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Washington Hospital Center v. District of Columbia Department of Employment Services

April 24, 2003

WASHINGTON HOSPITAL CENTER, PETITIONER,
v.
DISTRICT OF COLUMBIA DEPARTMENT OF EMPLOYMENT SERVICES, RESPONDENT. PAUL A. THIELKE, INTERVENOR.



Petition for Review of a Decision of the District of Columbia Department of Employment Services

Before Wagner, Chief Judge, and Farrell and Washington, Associate Judges.

The opinion of the court was delivered by: Farrell, Associate Judge

Argued March 5, 2003

This petition for review challenges a decision of the District of Columbia Department of Employment Services (DOES) granting temporary total disability benefits to intervenor (hereafter Thielke). The principal issue raised, one of first impression in this jurisdiction, is whether an injury resulting from a pre-employment inoculation obtained as a condition of employment pursuant to local regulations can be deemed to have occurred in the course of employment under the District's Worker's Compensation statute. Petitioner also challenges the causal connection between the alleged injury and the inoculation. We uphold the decision of the Director awarding benefits.

I.

The basic facts as found by the hearing examiner are not in dispute. Thielke was born in 1943. In 1960, he was injured in a chemical explosion that resulted in the loss of his left eye and part of the bone on his forehead, and that required brain surgery to remove a walnut-sized piece of his left frontal lobe. Otherwise, he recovered from the accident and, as the examiner found, "showed no focal deficit or increased cranial pressure and had no chills, fever periods of syncope [fainting] or headache, convulsions, or behavioral changes." Thielke graduated from college with a degree in economics and government, and in succeeding years held jobs as a compensation analyst and later in public administration. Except for rare instances of feeling faint, he testified that he had suffered no seizure disorders in the years following the accident up to 1992.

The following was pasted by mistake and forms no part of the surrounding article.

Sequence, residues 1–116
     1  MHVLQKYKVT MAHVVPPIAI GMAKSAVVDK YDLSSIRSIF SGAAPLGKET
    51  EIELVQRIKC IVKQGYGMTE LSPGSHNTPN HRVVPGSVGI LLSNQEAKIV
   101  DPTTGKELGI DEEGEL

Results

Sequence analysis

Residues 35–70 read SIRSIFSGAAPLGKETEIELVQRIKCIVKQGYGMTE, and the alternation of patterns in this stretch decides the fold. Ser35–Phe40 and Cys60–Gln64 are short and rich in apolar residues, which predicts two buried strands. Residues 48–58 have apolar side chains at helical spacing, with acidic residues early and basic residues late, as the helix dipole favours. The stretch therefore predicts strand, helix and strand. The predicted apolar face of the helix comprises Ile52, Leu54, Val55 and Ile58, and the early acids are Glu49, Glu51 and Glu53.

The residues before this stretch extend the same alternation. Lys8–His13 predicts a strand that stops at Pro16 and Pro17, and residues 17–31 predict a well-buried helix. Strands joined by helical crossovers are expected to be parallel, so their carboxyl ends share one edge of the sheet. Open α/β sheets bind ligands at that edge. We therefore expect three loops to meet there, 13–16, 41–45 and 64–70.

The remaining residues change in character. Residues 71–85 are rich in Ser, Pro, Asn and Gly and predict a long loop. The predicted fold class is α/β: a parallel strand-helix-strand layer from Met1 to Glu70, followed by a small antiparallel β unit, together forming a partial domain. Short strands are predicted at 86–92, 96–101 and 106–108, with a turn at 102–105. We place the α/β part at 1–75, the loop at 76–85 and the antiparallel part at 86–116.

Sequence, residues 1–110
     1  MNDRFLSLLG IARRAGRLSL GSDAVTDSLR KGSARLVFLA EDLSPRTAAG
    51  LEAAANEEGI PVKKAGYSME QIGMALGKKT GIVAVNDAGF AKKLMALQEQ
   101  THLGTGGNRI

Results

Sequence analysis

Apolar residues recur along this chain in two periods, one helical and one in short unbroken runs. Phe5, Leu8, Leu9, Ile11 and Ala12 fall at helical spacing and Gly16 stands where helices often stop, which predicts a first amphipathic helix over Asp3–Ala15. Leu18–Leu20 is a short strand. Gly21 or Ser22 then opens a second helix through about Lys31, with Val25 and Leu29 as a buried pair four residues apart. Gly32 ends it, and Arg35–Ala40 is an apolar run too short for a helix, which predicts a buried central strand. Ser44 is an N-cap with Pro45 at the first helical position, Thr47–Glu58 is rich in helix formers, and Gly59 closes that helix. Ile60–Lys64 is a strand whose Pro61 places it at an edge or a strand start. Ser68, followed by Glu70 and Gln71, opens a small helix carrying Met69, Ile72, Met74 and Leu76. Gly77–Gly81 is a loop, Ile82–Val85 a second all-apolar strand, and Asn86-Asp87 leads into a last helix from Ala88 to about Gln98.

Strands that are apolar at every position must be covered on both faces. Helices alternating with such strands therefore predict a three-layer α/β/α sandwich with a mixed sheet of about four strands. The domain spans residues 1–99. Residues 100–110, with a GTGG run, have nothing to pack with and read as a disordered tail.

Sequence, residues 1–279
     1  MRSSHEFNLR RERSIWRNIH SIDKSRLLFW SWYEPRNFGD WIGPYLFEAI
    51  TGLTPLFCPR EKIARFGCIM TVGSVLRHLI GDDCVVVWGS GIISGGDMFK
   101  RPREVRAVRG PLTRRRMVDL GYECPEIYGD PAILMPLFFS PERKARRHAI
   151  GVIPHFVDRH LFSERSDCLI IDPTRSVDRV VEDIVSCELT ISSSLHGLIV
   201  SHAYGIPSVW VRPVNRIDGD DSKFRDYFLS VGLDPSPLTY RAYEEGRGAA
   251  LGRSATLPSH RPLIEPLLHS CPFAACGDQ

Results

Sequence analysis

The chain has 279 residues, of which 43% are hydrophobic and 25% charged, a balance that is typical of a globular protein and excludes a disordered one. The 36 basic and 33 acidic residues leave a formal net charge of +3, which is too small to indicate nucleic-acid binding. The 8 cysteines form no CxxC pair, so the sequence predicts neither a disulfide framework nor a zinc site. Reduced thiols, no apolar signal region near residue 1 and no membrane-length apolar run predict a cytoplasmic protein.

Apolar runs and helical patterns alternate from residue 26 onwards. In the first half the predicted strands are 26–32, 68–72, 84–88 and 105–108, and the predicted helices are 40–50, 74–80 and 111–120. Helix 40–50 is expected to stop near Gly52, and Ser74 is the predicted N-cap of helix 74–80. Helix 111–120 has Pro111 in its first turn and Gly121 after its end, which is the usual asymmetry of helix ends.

In late January 1992, Thielke was hired by Washington Hospital Center (WHC) as a compensation analyst. Scheduled to begin work on February 10, 1992, he was required as a preliminary to receive an MMR vaccination. He was given the vaccine on February 3, 1992, by WHC's health provider as part of his pre-employment physical exam. The inoculation was required by law for all hospital and clinic employees who routinely come in contact with patients or patient areas. 22 DCMR § 2103.4 (1998).

On February 5, 1992, Thielke had an experience lasting three hours in which he began washing a cup obsessively, developed delirium, blacked out, became disoriented as to time, place, and circumstance, and became extremely cold. His mother took him to the hospital but brought him back home because he had regained his mental equilibrium before being seen by emergency room personnel. Over the next two days he complained of being extremely hot or extremely cold, and of fatigue and inability to sleep; he developed a red blotchy rash on the left side of his face, which he had never had before. During these days, he also felt as if his heart was pounding and racing, and experienced alternating fever and chills. He reported to work for WHC the following Monday, and was sent to the employer's occupational health office. He left the occupational health office and walked across the street to be seen by Dr. Neil Kurzrok, a neurological specialist, who performed a series of tests and ordered an MRI examination.